Methods used in multiplayer games to distribute treasure among cooperating players for finishing a quest. While early MMOs distributed loot on a 'first come, first served' basis, it was quickly discovered that such a system was easily abused, and later games instead used a 'need-or-greed' system, in which the participating players roll virtual dice and the loot is distributed according to the results.


1.  The handling of high-level decisions, primarily in real-time strategy games. See also micro.
2.  An usermade algorithm made-up of series of different actions such as spells or abilities made in order to save the player time and gain an advantage in PvP or just quickly shout certain cliché phrases, especially popular in MMORPGs.
Any of a variety of game mechanics to render fantastical or otherwise unnatural effects, though accessories (scrolls, potions, artifacts) or a pool of resources inherent to the character (mana, magic points, etc).
To focus on playing a certain character in a game, sometimes exclusively.
main quest
A chain of quests that comprise a game's storyline which must be completed to finish the game. In comparison, side quests offer rewards but don't advance the main quest.
See level.
A portmanteau of masochist and hardcore, referring to a genre of punishingly difficult games, particularly the Dark Souls series, Bloodborne, Nioh, and indie games such as I Wanna Be the Guy and Super Meat Boy.[75] The genre is popular among hardcore gamers. See also Nintendo hard.[76][77]
massively multiplayer online game (MMO)
A game that involves a large community of players co-existing in an online world, in cooperation or competition with one another.
massively multiplayer online role-playing game (MMORPG)
An MMO that incorporates traditional role-playing game mechanics. Games such as EverQuest and Dark Age of Camelot were progenitors of the genre. The most popular and most well-known game of this type is World of Warcraft.
A game system that automatically sorts players with similar playing styles, desires, objectives, or skill levels into a team or a group. In competitive games or modes, a matchmaking rating (MMR) is a number assigned to each player based on skill and is the basis for matching players. This rating goes up or down based on individual or team performance.
maxed out
1.  Reaching the maximum level that a character (or in some cases, a weapon or other game item) can have.
2.  Raising a character's statistics to the maximum value.
3.  In real-time strategy games, recruiting units until the maximum number is reached.
A backronym for Most Effective Tactics Available. See also Cheese.
In games that encourage repeated playthroughs, including match-based multiplayer games, the metagame or meta refers to gameplay elements that are typically not part of the main game but can be invoked by the player to alter future playthroughs of the main game. For example, in some Roguelike games, the metagame is used to unlock the ability to have new items appear in the randomized levels, while for digital collectible card games such as Hearthstone, the overall card and deck construction is considered part of the metagame.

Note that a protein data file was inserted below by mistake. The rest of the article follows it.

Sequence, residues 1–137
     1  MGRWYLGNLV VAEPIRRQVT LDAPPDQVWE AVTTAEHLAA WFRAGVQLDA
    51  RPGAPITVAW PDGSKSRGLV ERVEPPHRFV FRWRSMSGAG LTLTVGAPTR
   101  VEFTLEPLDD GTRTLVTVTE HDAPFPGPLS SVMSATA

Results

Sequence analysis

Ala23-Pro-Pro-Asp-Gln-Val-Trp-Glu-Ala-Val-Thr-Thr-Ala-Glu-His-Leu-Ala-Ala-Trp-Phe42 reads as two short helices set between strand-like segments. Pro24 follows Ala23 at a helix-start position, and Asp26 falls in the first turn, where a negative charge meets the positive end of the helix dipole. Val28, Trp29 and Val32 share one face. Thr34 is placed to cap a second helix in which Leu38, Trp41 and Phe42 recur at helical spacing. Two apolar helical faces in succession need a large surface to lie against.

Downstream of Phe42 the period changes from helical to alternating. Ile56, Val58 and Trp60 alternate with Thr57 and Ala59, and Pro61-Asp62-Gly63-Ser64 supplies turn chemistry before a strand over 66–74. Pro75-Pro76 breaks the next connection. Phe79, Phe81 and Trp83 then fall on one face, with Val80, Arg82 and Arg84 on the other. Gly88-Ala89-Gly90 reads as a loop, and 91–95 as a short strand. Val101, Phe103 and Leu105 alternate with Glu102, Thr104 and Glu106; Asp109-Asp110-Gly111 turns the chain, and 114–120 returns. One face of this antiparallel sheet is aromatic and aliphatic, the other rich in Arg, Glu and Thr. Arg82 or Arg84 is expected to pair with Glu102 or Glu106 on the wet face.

The sum total of all known or implied stories of every character in the game, every branching storyline, all potential outcomes and backstory.[14]
A genre of exploration-focused games, usually featuring a large interconnected world. Access to certain areas and defeating certain enemies requires items found elsewhere, necessitating exploration and defeating enemies to obtain them. These games are usually side-scrolling platformers or viewed from the top-down, although they can be found in 3D as well. Many borrow features from Roguelike games, such as permanent death. Named for two pioneers of the genre, the Metroid and Castlevania series.
The handling of detailed gameplay elements by the player. See also macro.
A business model used in games where players can purchase virtual goods via micropayments, typically frowned upon. See also in-app purchase.
The practice of playing a role-playing game, wargame or video game with the intent of creating the "best" character by means of minimizing undesired or unimportant traits and maximizing desired ones.[78] This is usually accomplished by improving one specific trait or ability (or a set of traits/abilities) by sacrificing ability in all other fields. This is easier to accomplish in games where attributes are generated from a certain number of points rather than in ones where they are randomly generated.[79]
See boss.
A 'game-within-a-game', often provided as a diversion from the game's plot. Minigames are usually one-screen affairs with limited replay value, though some games have provided an entire commercial release as a 'mini-game' within the primary game-world. See also bonus stage, secret level and game mode.
See level and quest.
See massively multiplayer online game.
See massively multiplayer online role-playing game.
See matchmaking.
Mob is a term for an in-game enemy who roams a specific area. It is an abbreviation of "mobile", and was first used in text-based online games in reference to non-player characters.
See multiplayer online battle arena.
A third-party addition or alteration to a game. Mods may take the form of new character skins, altered game mechanics or the creation of a new story or an entirely new game-world. Some games (such as Fallout 4 and Skyrim) provide tools to create game mods, while other games that don't officially support game modifications can be altered or extended with the use of third-party tools.